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In Images: Hawaii's Mount Kilauea Erupts

Crater Collapse

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(Image credit: HVO/USGS.)


Over the past several days, Hawaii's Mount Kilauea has been stunningly active.

The action began at the Halema`uma`u crater, where parts of the wall began to collapse into the lava lake below. Here, a large chunk of the rim collapsed into the Halema`uma`u lava lake on March 4.

Crater Collapse

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(Image credit: HVO/USGS.)


Just moments after the collapse, a thick brown plume was seen rising from the crater.

Crater Collapse

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(Image credit: HVO/USGS.)


The next day, the Pu`u `O `o crater got into the action. Incandescent rubble is seen rolling and sliding down on the edge of the collapsing crater on March 5. A remnant of the pre-collapse crater floor can be seen in the background below the crater's south wall. The east rim of Pu`u `O `o is in the foreground.

Crater Collapse

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(Image credit: HVO/USGS.)


An ash cloud is seen rising from Pu`u `O `o as the crater floor collapsed due to magma withdrawal. Incandescent rubble can be seen crumbling.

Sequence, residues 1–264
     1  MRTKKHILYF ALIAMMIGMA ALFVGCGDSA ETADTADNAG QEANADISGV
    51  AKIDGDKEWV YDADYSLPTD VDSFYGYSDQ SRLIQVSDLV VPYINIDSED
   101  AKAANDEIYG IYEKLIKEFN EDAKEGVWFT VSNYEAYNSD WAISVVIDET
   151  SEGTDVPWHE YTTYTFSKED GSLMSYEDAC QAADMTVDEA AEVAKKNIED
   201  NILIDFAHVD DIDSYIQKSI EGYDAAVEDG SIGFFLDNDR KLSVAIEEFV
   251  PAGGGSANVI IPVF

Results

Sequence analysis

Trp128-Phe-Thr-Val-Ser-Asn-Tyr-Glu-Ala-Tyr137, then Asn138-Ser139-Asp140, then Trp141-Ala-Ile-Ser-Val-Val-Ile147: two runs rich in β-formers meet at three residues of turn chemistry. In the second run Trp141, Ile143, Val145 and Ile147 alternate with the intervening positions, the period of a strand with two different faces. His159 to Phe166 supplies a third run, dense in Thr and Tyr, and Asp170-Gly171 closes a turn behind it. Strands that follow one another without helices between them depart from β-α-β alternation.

Fissure Vent

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(Image credit: HVO/USGS.)


After the crater collapsed, a fissure vent opened nearby. A fissure is a split in a volcano that opens in a straight line.

Above, the view looking at the northeast end of the actively spreading fissure between Pu`u `O `o and Napau craters on March 5. Lava is just breaking the surface in the foreground crack.

Fissure Vent

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(Image credit: HVO/USGS.)


View toward the southwest of the fissure eruption. The fissure segment in the forest had shut down by this time on March 5.

Fissure Vent

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(Image credit: HVO/USGS.)


A close-up view of the fissure just west of Pu`u `O `o crater. Lava spatter was reaching heights of 130 feet (40 meters) tall on March 6.

Fissure Vent

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(Image credit: HVO/USGS.)


The eruptions ramped-up on a new fissure between the Pu`u `O `o Crater and Napau Crater.

Fissure Vent

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(Image credit: HVO/USGS.)


Lava pours from the fissure just after daybreak and cascades out of sight into a deep crack. A geologist from the Hawaiian Volcano Observatory gets an up-close look in the near upper right of the image.

Fissure Vent

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(Image credit: HVO/USGS.)


Lava spatters above the fissure just west of the base of the Pu`u `O `o crater.

Fissure Vent

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(Image credit: HVO/USGS.)


This fissure began in the early hours of March 6, erupting spatter and producing lava flows.